EPT London Day 1B: Merging the tours to create a mega-festival
Before seeing the schedule for the ninth season of the European Poker Tour, I would have expected to have gone to my grave without ever having uttered the phrase "mega-festival". But not only have I now written it several times, I have also been to at least three of them, as well as jabbering into a microphone on the subject during a live internet broadcast (in itself something else I never thought I'd do).
EPT9 has been a learning curve for all of us, and awash with mega-festivals from start to finish. It is the name some bright spark in the marketing department chose to describe the enormous festivals that combine the European Poker Tour stop with the Grand Final of the regional poker tours that bring the tournament game all the way across the world.
In Barcelona, we had the Estrellas Poker Tour bleeding into EPT Barcelona; in Prague it was the Eureka. Here in London, we have just finished the United Kingdom and Ireland Poker Tour (UKIPT), overlapping with the EPT. The baby brother went out with a huge bang.
There were 1,099 players ante-ing up the £700 for a seat at that tournament, the largest number of players ever for a poker event in London. They created a prize pool of £746,221 and a first prize of £144,555, which was won late yesterday by Sergio Aido, of Spain, after a heads up chop.
It might have been "only" £700 to enter, but many of the world's best players, in town for the EPT, decided to join the party. There were EPT champions -- David Vamplew, Michael Tureniec, Liv Boeree, Jake Cody, Zimnan Ziyard, Ludovic Lacay, Mickey Petersen, Martin Finger, Roberto Romanello, Kent Lundmark, Toby Lewis, Kevin MacPhee, Anton Wigg, Julian Thew -- and World Series bracelet winners or November Niners -- Richard Ashby, Kenneth Aldridge, Willie Tann, Scott Shelley, James Akenhead, Sam Holden.
Olivier Busquet also played, sitting down for a five day tournament with a buy in less than a solitary blind in the games he usually plays. It was that kind of tournament.
And Aido beat them all.
But more than just the victory in the main event, there were some intriguing sub-plots to the UKIPT festival, which have also filtered into the EPT. Aido himself is central to one of them, because after finishing day three of the UKIPT main event, and securing his seat at the final table, he then jumped into a £1,000 turbo side event. He won it.
That meant that the day before he came to the biggest final table of his career, he made the second biggest. And he won (or chopped) both of them. Viva Espana.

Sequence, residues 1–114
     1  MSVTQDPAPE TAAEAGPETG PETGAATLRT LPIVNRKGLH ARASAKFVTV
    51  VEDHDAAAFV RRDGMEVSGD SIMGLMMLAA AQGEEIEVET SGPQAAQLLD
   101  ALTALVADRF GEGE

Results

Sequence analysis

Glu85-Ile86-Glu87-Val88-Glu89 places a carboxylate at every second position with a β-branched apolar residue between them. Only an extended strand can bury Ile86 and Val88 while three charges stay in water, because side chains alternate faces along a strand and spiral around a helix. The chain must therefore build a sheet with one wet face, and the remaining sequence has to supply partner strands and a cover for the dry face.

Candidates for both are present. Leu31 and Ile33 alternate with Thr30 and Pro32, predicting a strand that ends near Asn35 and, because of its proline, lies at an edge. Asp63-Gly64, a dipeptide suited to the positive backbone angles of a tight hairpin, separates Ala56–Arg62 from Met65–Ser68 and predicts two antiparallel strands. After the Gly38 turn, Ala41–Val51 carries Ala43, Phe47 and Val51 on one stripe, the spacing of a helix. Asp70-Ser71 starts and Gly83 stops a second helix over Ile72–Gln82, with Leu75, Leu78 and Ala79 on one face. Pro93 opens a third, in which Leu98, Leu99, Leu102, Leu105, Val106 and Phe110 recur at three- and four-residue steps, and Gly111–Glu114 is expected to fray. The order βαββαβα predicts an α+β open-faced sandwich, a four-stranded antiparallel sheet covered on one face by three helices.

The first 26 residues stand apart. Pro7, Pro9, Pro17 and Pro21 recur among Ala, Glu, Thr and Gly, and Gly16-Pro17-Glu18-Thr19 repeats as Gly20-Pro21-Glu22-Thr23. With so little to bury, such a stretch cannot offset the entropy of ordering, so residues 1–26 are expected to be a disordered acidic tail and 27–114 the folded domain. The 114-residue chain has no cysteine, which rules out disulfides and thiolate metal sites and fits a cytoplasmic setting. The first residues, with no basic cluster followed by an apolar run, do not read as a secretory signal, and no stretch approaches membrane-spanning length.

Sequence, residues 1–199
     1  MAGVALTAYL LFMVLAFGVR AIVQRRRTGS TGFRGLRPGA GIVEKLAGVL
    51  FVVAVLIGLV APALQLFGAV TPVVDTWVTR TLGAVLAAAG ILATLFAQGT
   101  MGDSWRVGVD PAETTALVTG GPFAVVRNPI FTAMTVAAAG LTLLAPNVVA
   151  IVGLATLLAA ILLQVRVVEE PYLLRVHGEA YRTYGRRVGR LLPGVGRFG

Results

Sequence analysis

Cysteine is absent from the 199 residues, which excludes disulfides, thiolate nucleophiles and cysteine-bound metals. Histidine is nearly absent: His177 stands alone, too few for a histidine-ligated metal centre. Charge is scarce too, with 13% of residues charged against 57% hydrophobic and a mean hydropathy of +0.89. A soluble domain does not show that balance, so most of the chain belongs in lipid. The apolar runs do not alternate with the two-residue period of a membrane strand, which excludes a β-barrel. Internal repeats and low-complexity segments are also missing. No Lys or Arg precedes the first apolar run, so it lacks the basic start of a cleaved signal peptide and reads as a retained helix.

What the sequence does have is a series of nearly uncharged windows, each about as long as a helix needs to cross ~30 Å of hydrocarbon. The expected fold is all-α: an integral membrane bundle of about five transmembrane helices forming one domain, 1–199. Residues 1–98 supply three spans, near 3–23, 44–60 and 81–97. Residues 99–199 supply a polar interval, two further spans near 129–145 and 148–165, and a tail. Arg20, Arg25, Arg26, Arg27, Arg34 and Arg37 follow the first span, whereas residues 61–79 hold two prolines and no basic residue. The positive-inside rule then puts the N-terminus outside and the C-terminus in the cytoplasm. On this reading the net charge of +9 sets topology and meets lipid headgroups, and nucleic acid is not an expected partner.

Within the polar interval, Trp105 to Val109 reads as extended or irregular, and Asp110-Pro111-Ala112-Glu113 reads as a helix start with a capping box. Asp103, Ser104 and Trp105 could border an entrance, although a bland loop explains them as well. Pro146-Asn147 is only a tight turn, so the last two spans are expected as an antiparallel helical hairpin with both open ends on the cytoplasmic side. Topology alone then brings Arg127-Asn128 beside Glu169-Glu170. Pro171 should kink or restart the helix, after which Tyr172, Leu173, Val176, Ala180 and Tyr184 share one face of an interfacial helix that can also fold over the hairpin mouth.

As Aido was busy pulling off this startling feat, the British player Tom Hall was managing something very similar. He came into the UKIPT festival in second place on the overall UKIPT leader board, which awards a huge prize to the most successful player across the entire season. Hall's friend Neil Raine was in first place, but after Raine played and bust the London main event on Day 1A, Hall scented an opportunity to overhaul him.
At the time Hall sat down to play the UKIPT, he knew he needed to finish in 36th place or better to top the leader board. The winner earns a year-long UKIPT passport -- ie, a buy-in and hotel package for every event on season four -- which is likely to be worth at least £10,000. (The full schedule is yet to be announced.)
Hall put his game face on and ploughed deep into the money. But then it suddenly transpired that Raine had cashed in a side event, picked up a few more rankings points, and left Hall now looking for a seventh place finish to earn sufficient points to take the lead again.
He couldn't do it. He busted in 33rd.
However that was not the end of the story. Far from it, in fact. Hall realised that late registration was still open for the £2,000 UKIPT High Roller event, for which rankings points were available. Raine was already in the event, but bust before the money, meaning that Hall had another chance to pip him.
He took his winnings from the main event and bought in to the high roller, and then about 24 hours later he had his abacus out again. He determined that an eighth place finish would be good enough for him to collect enough points to overhaul Raine's revised total. And he did it, finishing in sixth.
He picked up £18,050 for that, but more importantly he also became the UKIPT leader board champion (subject to final confirmation from the bean counters). He will now be freerolling through the fourth season of the UKIPT, which kicks off in June in Marbella (the outpost of the British in Spain.)
Hall is now in the EPT Main Event, sitting at Daniel Negreanu's table, and also alongside Cesar Garcia, who also made the UKIPT final table. Form is a funny thing in poker: both Hall and Aido are running very well at the moment and will likely be threats even in the supposedly more demanding environment of the EPT. (If you had seen the UKIPT main event, you would certainly contest which is the more demanding.)
The first season of "mega-festivals" has been an unqualified success, with fields and prize-pools swelled massively across the board. No doubt something similar will occur throughout next year too. And if someone could just change the name, we will all be more than happy.
Follow live coverage of the EPT London main event on the EPT London page. Follow the final stages of the UKIPT main event on the UKIPT page. Follow the @PokerStarsBlog Twitter account to keep up-to-date with all the EPT action.